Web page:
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- Date of production May 1945
- Place of creation London, Great Britain
- ID no. MAK/35/M
- Object copyright The Museum of the Home Army dedicated Gen. Emil Fieldorf “Nil”
- Digital images copyright public domain
- Digitalisation RDW MIC, Małopolska's Virtual Museums project
This uniform is a gift from the General's son — Adam Komorowski. The man who wore this uniform is a perfect illustration of Poland's fate in the1st half of the 20th century. Tadeusz Komorowski a.k.a. Bór was born in 1895. During World War I, he served in the Austro-Hungarian army and then, from 1918, in the Polish army...more
This uniform is a gift from the General's son — Adam Komorowski. The man who wore this uniform is a perfect illustration of Poland's fate in the 1st half of the 20th century. Tadeusz Komorowski a.k.a. Bór was born in 1895. During World War I, he served in the Austro-Hungarian army and then, from 1918, in the Polish army. He participated in the Polish-Soviet War. In the interwar period, he held a number of various leadership positions, the most important ones included Commander of the 9th Cavalry Regiment of Uhlans, the Commander of the Cavalry Training Centre in Grudziądz. He also participated in the 1924 Olympic Games in Paris in horse-riding and headed the Polish horse-riding team at the 1936 Berlin Olympic Games, his team having won a silver medal. He was the Commander of the Silesia and Krakow Region of the Union of Armed Struggle, and from July 1941 the Deputy General Commandant of the Union of Armed Struggle-Home Army and simultaneously the Commander of the Western Region of the Union of Armed Struggle-Home Army. After the Germans arrested Stefan Grot Rowecki, Komorowski was appointed the Home Army's General Commanding Officer, acting in this capacity until the fall of the Warsaw Uprising (2 October 1944). He was then imprisoned by the Germans himself. Even before the surrender of the Warsaw Uprising on 30 September 1944, he was appointed the Chief Commander of the Polish Armed Forces; when freed he actually acted in this capacity from May 1946 to November 1946; later from July 1947 to April 1949, he acted as the Prime Minister of the Polish government-in-exile. He was one of the leading personalities on the Polish political scene in exile. He died in 1966.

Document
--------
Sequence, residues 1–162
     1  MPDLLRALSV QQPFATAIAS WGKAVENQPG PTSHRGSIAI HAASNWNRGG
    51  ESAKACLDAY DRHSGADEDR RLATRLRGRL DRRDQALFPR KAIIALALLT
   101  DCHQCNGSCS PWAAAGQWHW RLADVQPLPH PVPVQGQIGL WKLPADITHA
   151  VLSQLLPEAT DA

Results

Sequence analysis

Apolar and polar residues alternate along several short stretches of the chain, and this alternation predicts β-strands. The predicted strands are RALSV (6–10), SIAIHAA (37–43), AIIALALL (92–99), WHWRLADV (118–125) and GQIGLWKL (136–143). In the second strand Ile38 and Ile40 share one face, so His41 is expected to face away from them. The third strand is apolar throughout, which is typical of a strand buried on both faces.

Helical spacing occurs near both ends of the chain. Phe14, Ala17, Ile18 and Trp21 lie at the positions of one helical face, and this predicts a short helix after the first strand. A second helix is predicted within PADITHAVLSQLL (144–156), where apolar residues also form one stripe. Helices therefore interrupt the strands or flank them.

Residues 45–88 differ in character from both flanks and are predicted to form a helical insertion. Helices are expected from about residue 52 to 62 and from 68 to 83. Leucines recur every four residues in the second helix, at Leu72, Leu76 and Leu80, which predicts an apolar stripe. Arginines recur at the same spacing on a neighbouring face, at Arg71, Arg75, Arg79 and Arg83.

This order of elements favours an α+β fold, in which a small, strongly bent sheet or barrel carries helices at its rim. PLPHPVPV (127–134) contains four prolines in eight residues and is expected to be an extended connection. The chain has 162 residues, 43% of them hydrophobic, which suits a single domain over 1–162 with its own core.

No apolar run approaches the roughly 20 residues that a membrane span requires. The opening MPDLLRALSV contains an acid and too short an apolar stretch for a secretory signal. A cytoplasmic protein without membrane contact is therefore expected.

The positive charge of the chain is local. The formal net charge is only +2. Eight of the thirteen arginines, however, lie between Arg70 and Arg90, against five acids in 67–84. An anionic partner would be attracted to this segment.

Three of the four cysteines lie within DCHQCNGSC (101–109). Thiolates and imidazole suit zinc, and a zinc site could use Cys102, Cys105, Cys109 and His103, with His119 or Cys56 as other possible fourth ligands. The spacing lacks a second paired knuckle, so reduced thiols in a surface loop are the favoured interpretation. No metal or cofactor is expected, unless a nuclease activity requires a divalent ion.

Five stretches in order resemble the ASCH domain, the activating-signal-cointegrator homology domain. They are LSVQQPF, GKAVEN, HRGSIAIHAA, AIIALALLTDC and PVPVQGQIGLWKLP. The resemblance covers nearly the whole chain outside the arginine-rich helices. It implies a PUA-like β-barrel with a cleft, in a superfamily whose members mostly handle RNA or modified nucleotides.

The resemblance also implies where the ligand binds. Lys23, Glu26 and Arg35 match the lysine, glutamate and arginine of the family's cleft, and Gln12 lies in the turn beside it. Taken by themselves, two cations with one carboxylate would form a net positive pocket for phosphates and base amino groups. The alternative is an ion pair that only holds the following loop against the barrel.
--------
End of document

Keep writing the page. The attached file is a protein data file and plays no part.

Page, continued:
The suit dates back to the time when Tadeusz Bór-Komorowski acted as the Chief Commander of the Polish Armed Forces. The suit was composed of a British trench coat made of olive green worsted wool and trousers made of a similar material and designed to match the jacket. Note the upper part of the collar lapels that include velvet general's tabs (design of 1941) with a crimson cloth inset with the general's eagle embroidered on it with a silver thread. Just below the set-in edges, both sleeves have amaranthine cloth stripes with the inscription, “POLAND”, embroidered with a silver thread. Such badges were worn by all soldiers of the Polish Armed Forces in the West as a way of identifying their nationality. Since the soldiers used British suits and equipment, the badge was meant to serve as an element that clearly defined the soldier's belonging to the Polish Armed Forces. An additional feature on the upper-left pocket is the officer’s commemorative badge of the 9th Regiment of Uhlans, where Bór-Komorowski acted as Deputy Commander and, between 1928 and 1938, Commander.
Elaborated by the Museum of the Home Army dedicated Gen. Emil Fieldorf “Nil”, © all rights reserved